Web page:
Home Forex News Former Japan FX tsar says yen weakening could trigger intervention at ‘any time’

Former Japan FX tsar says yen weakening could trigger intervention at ‘any time’

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By Tetsushi Kajimoto and Yoshifumi Takemoto

TOKYO (Reuters) – Japanese authorities could intervene in the foreign exchange market to stem sharp falls in the yen “at any time” if its moves are excessive enough to warrant such action, a former top currency official in Japan told Reuters on Monday.

Takehiko Nakao, who was vice finance minister for international affairs in 2011-2013, made his comment as the Japanese currency hovered near a 34-year low touched last month against the dollar.

“The yen has weakened severely against the dollar,” Nakao said, citing the IMF’s gauge of real effective currency rates and the so-called Big Mac index designed to compare the purchasing power of currencies to buy hamburgers worldwide.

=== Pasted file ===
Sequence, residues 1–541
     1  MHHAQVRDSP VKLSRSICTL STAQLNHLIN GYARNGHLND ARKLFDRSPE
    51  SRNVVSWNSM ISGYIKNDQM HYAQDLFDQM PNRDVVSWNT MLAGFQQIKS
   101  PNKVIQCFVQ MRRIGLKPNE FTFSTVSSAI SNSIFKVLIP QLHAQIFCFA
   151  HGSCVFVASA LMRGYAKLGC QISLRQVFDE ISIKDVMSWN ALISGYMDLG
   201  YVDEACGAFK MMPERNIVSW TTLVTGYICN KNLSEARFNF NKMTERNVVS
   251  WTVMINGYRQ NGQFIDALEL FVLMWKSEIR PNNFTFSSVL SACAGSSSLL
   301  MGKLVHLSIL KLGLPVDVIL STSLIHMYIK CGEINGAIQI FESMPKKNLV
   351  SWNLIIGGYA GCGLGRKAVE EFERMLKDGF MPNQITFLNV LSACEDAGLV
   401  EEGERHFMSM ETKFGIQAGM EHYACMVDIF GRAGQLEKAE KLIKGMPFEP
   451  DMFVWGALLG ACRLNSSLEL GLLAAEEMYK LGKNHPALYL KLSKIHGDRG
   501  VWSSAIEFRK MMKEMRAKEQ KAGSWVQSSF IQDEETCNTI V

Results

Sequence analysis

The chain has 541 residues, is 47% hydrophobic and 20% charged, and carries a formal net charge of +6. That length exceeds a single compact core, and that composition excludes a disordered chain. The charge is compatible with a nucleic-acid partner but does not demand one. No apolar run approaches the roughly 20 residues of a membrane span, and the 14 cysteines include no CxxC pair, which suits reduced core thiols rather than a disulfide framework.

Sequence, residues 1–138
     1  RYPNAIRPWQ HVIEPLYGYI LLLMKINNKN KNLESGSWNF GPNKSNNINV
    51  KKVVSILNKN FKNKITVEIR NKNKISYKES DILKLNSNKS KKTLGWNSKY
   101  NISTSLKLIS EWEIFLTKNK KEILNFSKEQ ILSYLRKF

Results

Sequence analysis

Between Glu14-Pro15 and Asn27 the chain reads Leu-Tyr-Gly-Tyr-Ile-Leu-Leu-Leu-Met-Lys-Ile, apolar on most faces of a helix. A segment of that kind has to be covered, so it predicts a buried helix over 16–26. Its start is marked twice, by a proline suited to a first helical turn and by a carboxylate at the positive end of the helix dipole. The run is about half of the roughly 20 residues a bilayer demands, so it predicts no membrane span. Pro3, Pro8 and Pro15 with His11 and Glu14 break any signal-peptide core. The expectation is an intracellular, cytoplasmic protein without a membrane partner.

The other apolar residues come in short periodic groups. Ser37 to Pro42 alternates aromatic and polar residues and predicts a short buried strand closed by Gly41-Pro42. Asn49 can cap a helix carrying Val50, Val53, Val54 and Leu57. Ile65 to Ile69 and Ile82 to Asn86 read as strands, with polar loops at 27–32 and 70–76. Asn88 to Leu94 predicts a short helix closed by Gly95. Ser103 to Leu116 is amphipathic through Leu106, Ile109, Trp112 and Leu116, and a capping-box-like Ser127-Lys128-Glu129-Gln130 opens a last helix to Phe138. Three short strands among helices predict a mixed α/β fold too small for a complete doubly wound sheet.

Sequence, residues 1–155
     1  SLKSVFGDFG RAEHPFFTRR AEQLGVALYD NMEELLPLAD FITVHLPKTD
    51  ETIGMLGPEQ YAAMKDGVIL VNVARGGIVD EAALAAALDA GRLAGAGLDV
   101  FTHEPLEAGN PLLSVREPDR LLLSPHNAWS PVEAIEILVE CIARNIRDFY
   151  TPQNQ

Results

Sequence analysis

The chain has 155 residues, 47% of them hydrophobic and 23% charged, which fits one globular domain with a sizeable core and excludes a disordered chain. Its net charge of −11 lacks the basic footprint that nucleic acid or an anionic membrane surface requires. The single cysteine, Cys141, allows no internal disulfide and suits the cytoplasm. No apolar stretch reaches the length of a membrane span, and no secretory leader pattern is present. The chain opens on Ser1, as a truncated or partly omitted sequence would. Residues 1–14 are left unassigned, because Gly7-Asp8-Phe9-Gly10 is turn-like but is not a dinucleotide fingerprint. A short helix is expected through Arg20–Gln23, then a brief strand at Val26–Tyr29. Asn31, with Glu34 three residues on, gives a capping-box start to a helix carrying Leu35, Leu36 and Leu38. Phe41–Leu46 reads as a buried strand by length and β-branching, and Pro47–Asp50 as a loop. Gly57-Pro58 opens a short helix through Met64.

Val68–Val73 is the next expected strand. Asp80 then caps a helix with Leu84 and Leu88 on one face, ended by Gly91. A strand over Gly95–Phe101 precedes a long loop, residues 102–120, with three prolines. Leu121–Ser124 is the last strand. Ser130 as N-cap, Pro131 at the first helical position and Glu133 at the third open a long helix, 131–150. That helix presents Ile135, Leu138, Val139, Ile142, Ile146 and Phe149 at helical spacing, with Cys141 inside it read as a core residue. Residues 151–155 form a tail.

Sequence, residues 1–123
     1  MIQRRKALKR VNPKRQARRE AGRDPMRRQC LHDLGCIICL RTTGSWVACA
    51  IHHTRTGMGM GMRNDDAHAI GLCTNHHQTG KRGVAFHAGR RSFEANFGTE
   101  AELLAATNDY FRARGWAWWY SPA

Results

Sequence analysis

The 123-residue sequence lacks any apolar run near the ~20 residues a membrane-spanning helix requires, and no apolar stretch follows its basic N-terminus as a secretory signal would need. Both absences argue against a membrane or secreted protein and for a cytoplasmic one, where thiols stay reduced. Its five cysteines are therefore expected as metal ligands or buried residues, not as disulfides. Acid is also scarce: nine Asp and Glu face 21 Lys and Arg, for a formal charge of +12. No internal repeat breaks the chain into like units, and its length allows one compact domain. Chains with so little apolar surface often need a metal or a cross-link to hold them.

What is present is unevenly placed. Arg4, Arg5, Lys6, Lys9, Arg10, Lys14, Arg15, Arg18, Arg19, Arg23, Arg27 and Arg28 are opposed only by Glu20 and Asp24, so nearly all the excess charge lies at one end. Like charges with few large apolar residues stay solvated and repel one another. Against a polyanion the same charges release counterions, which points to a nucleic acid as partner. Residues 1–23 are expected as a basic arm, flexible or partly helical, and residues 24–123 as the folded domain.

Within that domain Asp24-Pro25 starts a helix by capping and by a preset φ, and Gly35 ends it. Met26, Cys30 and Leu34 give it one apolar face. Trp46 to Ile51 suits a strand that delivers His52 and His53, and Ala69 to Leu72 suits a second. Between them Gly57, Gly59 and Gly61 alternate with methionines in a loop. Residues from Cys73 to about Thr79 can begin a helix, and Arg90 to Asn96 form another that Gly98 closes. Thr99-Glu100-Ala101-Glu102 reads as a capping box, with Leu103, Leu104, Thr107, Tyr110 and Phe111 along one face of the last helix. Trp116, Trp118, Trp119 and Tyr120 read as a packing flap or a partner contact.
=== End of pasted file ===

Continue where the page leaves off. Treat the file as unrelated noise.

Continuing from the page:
The weak yen weighs significantly on household real incomes and consumption, even though it boosts real-estate and stock prices, Nakao said.

“It’s undesirable,” Nakao said, referring to the yen’s fall of about 30% against the dollar since 2022. The yen was last trading at around 151.70. It hit a 34-year low of 151.97 in March.

Japan last intervened in October 2022 when the yen weakened to the upper range of 151-152 yen.

Japanese officials have warned against “speculators” trying to sell off the yen, saying that they would not rule out any measures to respond flexibly to excessive currency moves.

When he was Japan’s currency tsar, Nakao led intervention operations by buying dollars to keep the yen from strengthening beyond a record high of just above 75 yen.

“It would be easier to get understanding from other countries when Japan intervenes to shore up the yen, rather than to weaken it to gain export competitiveness,” Nakao said.

“If you look at the yen’s level and its underlying move with signs of speculation, it wouldn’t surprise me if authorities intervened any time,” he said.

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